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Heel Pain

What is Heel Pain?

The condition 'Heel Pain' is a broad terminology to mean pain in the heel region, which could include plantar fasciitis, achilles tendinopathies or sever's disease. Plantar Heel Pain is frequently used interchangeably with plantar fasciitis, plantar fasciosis and heel spurs, although they mean different things. 


The more correct term Plantar Fasciosis, refers to a long band of connective tissue called the plantar fascia, becoming thickened and undergoes degeneration to cause pain at the insertion site under the heel. This fascia extends into the arch of the foot which provides support, balance and stabilisation. 

photo of someone with heel pain, platar fasciitis

Most common symptoms include first step pain in the morning and going into a standing position after sitting for a long period of time. You may also experience sharp shooting pain if you put your heel down or a bruised sensation at the end of your work day. 

Plantar heel spur on the other hand, is a bony formation under the heel but does not necessarily cause heel pain.   

Risk Factors

  • Age 40 years and over

  • High BMI can overload and increase stress on the plantar fascia 

  • Flat feet or high arches can both be predisposing factors

  • Occupations that spend long hours on their feet such as builders or electricians standing on ladders for a long time

  • High-impact activities such as long distance running or basketball 

  • Worn out footwear or uneven wear patterns can affect mechanical function

worn out shoes

Other Causes of Heel Pain

Some of the other heel pain conditions that are not plantar fasciitis include:

Nerve compression

Symptomatic compression of the nerves that run into the foot can result in nerve pain sensations such as tingling and radiating pain. This can make weight bearing activities significantly uncomfortable and difficult. 

Plantar fibromatosis (Ledderhose disease)

A benign fibrous nodule within the arch of the foot that sits deep within the plantar fascia. It is often painful when palpated and can vary in size.

Calcaneal stress fracture

Stress fractures in the heel bone can occur although rare. Symptoms include inability to put heel down, bruising, swelling and intense or dull pain. It is usually due to repetitive overuse injury of the area. People with low bone density are at higher risk of stress fractures. 

Heel fat pad injury

The fatty padding under the heel protects the heel bone and helps with shock absorption. Constant impact on the fat pad can result in injury to this area, contributing to plantar heel pain.

Plantar fascia tear

The plantar fascia can tear or rupture through overuse injuries or traumatic incidents such as jumping from a height. It usually presents as sharp pain under the heel or in the arch. Repetitive strain can also result in microtears of the fascia.

Heel Pain Treatment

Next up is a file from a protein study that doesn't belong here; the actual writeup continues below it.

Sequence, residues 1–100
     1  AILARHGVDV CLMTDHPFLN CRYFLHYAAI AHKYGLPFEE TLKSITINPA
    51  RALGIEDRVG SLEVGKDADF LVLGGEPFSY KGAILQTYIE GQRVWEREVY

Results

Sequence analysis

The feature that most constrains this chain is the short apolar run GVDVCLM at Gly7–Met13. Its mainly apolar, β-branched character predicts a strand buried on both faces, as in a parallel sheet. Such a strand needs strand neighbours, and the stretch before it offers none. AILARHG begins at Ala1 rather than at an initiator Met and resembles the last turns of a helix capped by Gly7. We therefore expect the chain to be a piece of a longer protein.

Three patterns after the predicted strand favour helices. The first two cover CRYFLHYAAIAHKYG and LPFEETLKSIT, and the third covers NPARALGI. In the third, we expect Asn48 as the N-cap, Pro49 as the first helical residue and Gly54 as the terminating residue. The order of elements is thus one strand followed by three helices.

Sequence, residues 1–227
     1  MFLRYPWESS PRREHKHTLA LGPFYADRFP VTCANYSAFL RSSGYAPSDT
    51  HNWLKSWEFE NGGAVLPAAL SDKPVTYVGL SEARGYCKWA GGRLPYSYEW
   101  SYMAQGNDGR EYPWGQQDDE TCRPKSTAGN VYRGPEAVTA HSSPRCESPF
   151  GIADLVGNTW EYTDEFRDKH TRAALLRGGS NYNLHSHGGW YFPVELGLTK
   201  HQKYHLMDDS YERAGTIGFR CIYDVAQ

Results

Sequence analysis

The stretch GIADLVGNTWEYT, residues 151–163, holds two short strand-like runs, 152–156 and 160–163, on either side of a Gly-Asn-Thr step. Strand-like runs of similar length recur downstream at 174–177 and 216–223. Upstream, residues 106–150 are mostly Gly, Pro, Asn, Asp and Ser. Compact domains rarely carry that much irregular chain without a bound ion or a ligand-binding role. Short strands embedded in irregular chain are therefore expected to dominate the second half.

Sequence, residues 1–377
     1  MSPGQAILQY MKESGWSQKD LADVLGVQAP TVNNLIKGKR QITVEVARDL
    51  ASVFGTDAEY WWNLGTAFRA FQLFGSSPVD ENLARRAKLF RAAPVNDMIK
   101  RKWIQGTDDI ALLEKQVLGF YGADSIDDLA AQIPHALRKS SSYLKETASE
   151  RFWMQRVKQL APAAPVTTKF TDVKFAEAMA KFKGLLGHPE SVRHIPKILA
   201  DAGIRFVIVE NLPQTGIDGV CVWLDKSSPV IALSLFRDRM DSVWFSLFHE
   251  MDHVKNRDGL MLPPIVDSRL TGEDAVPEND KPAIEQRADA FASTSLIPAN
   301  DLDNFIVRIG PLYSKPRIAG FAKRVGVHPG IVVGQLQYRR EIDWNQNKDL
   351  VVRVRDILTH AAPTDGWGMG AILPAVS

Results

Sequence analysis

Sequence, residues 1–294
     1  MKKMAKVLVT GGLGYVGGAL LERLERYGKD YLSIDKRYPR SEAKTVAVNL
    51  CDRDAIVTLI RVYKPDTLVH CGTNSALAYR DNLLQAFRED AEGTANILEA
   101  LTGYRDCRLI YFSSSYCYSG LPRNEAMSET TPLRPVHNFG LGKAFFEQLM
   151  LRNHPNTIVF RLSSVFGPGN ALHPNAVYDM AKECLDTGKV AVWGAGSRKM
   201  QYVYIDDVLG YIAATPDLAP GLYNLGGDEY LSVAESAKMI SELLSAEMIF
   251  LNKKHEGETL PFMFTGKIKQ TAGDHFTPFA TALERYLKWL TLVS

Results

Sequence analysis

How We Can Help You

There are many treatment modalities in the literature and it is important to note that not every foot will respond the same way due to factors such as age and activities.

The management plan for plantar fasciitis often involves of series of identifying the underlying cause, reducing the pain symptoms and strengthening of the fascia.

1. Identify

It is vital to identify the underlying causes or predisposing factors, and address them in order to establish an effective management plan. 

2. Modify

Reduce the load on the plantar fascia in the initial stages by modifying activities such as less weight bearing sports.

Weight reduction in the long term will help lessen the strain on the fascia. 

3. Hot/Cold

Depending on acute and chronic phases of the condition, you may require hot and/or cold therapy. 

4. Medication

If the pain is not tolerable, you may require oral pain medication to manage the intensity of pain.

5. Strapping/Taping

Applying strapping tape for plantar fasciitis can temporarily reduce the stretch in the fascia. When used in combination with compression sock, it can immediately reduce pain.  

Orthotics for plantar fasciitis is a well-documented treatment and the aim is to provide support, cushioning and pressure redistribution.

These are proven non-invasive yet highly effective treatments especially for chronic plantar fasciitis cases. It is used to reduce pain and repair injury over time.  

8. Stretching and Strengthening Exercises

A graduated program of strengthening is essential to load the plantar fascia and calves to build strength and prevent recurrence of symptoms. 

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Couple Running

Plantar fasciitis is the most common condition we see at Northern Podiatrist Clinic.

We are a plantar fasciitis clinic and our Podiatrists are expertly trained to provide you with a comprehensive treatment plan to address and manage your heel pain. 

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